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Exactly what I was talking about. To answer your question, bluedog, yes. For clear evidence, consult the post from Max on page 4 and look at the clips. Watch their first moves down with the knob, then the barrel drops, then the back leg and top hand drive the barrel back through the zone. I do not wish to engage with you in any of your gibberish, I have more important things to do with my time. If you want a hitting lesson, meet me at the Disney's Wide World of Sports, I am there everyday of the week.

"The hands go where the posture takes the shoulders"

I don't think so.

The posture is determined by where the shoulders need to get.Swing trajectory is very dependent on raising/lowering the shoulders/shoulders working together, which is not posture dependent.

Shoulder action is determined by where the hands need to get.

Arm action is required to establish the shoulder/hand relation.
Ok, first of all I think we are getting FAR TOO ANALYTICAL about all of this. Extremely difficult to debate w/ words alone. But it is kinda fun at times.

So now we are discussing (again) if the back leg is used to help drive or fire the back side to the ball or if the middle (core) of the body pulls the back side to the ball.

I will admit what I'm about to say is very analytical in itself.

What if:

Big league hitter, hitting on a sheet of ice (let's say a hockey rink). On his front foot he wears a shoe that would completely prevent slipping. On his back foot he wears nothing (bare foot).

If the middle pulls the back side to the ball then the hitter should theoretically have no problem swinging the bat (maintaining balance etc...).
Let's also assume that the hitter uses no stride. I think what you would see is the hitter greatly struggling to even perform the task of swinging the bat w/ any force at all.

I think you do indeed use your back leg (and front) to fire the back side to the ball.

I 100% feel the legs are extremely important and they actually greatly aid in the fireing of the back side more so than anything else.

I also do not want to debate this. So basically I agree to disagree w/ the thought that the middle pulls the back side.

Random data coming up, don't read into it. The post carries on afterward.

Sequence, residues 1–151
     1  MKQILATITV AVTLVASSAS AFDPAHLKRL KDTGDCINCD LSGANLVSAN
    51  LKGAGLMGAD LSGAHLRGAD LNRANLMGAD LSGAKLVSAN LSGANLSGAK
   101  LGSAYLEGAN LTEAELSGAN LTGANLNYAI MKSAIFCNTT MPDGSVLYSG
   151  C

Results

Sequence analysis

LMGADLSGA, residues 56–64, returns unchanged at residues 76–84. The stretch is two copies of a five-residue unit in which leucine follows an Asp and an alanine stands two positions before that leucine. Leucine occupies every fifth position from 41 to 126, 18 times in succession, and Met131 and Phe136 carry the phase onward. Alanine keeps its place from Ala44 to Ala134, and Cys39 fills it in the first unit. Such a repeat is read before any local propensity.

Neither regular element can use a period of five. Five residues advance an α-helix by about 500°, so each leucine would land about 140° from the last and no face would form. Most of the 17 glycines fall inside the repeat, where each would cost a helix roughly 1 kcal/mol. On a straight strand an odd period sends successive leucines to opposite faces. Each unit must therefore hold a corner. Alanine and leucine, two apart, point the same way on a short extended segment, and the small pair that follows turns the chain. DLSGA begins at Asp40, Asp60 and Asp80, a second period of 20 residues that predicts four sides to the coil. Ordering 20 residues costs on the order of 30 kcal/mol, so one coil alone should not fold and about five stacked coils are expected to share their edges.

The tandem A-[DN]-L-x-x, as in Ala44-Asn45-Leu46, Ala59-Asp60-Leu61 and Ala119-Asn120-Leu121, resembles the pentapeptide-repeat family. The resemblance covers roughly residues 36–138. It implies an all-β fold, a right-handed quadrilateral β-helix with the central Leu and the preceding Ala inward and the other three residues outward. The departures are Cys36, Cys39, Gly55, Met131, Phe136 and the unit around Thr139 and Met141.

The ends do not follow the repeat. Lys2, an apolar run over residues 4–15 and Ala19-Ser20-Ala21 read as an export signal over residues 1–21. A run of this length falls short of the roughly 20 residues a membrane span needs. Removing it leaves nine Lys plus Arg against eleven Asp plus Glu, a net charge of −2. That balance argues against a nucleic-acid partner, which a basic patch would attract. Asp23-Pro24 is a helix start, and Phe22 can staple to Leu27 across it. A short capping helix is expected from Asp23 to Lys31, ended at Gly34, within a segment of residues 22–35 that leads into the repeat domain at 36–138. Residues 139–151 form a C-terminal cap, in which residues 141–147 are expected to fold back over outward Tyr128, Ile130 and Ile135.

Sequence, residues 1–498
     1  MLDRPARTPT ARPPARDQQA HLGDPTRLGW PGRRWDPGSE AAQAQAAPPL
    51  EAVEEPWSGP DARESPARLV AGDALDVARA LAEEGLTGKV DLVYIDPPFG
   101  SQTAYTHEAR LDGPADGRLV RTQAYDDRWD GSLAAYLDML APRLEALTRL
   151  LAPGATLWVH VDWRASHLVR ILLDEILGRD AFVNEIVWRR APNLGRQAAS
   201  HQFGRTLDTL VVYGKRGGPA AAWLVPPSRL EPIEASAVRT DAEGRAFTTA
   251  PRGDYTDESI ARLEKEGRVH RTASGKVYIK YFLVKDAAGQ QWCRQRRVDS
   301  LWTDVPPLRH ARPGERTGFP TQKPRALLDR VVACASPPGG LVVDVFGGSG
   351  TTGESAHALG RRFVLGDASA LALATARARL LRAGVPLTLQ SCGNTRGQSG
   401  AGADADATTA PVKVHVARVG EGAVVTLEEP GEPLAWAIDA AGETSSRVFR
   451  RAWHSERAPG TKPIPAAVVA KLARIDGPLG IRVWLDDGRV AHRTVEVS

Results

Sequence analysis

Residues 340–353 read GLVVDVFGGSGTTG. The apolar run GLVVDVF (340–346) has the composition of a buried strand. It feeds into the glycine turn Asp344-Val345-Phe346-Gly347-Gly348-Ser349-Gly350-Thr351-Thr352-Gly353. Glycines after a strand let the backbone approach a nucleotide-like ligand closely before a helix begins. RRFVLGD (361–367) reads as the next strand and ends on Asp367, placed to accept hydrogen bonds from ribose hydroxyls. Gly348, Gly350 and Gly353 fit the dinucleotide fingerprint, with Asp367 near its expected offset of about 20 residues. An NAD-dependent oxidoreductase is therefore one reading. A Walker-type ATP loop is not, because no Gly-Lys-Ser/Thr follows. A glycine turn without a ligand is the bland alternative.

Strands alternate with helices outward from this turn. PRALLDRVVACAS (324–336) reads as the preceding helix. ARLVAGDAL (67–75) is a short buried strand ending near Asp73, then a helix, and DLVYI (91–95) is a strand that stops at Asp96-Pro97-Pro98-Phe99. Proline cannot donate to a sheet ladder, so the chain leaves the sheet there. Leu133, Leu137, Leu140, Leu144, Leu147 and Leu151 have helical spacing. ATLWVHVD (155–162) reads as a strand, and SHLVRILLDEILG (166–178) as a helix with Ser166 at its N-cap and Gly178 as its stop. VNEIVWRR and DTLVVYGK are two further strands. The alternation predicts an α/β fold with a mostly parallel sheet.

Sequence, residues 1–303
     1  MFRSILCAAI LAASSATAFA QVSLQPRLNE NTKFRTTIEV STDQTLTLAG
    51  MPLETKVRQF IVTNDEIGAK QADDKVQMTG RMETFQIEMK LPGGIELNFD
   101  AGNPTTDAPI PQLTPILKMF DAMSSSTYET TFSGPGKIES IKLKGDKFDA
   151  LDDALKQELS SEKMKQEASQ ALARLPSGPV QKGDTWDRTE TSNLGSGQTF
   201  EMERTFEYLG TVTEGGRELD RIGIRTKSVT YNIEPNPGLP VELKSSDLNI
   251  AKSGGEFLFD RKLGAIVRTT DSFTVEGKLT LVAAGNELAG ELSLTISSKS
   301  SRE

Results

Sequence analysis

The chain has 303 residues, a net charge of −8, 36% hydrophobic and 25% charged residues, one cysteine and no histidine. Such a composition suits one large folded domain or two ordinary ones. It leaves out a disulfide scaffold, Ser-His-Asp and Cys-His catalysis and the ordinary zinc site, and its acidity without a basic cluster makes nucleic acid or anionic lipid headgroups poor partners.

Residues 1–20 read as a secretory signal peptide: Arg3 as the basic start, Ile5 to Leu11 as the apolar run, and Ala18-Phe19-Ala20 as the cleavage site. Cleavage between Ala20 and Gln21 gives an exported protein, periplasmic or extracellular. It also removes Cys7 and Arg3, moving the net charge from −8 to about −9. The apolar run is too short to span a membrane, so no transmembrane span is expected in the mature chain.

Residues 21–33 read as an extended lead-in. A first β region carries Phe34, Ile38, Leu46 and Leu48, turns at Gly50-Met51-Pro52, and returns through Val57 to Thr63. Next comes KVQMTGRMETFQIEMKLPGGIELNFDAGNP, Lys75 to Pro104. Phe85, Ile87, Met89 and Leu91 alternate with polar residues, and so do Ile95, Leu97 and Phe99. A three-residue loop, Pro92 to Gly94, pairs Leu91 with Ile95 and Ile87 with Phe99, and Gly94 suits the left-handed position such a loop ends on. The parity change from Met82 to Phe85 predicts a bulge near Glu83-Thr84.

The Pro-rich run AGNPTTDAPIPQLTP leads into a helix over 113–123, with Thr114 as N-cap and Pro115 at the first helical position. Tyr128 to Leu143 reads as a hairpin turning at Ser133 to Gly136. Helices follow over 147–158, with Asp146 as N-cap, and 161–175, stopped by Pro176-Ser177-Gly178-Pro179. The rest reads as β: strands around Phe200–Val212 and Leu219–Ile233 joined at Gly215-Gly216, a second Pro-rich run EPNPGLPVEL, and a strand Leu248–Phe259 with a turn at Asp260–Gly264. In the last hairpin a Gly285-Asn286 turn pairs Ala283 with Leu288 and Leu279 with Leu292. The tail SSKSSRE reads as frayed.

Great Post LOW337

Even Roberto Clemente has already fired his back side and "squared up" before back leg comes up off the ground.

LOW337, Headed out the door, will see RHP Brett Smith pitch for Tampa Yankees. You shoulda seen Adam Thomas-RHP pitch for Vero last night! WOW!
I posted over at PG board if you get a chance to take a look at what I think about him. Have a good night brother and will be back after game tonight around 10:30 or 11:00.

Board, will see you all a little later, as well. Smile peace, you are all my heroes! Shep
LOW337.....I like your post. Here is my take. I do believe that there is force against the ground and big league hitters use force to move Laterally. However, I still believe that the rotation of the hips is what makes that foot come off the ground. But, I also believe that the force against the ground is what gets that hitter to transfer his weight pressure from his back foot to his front foot.

I have a friend who does a demonstration of how the swing starts from the middle. He does this by jumping in the air and then rotating. But, in his demonstartion, the hips do not turn until his feet have returned to the ground!

So what I see in big league hitters is force being used to move the body laterally then the hips turn the middle and as a result the foot comes off the ground.

I like your ice theory but along the same line. Wonder if there could be a resistent hip turn while being suspended in the air?

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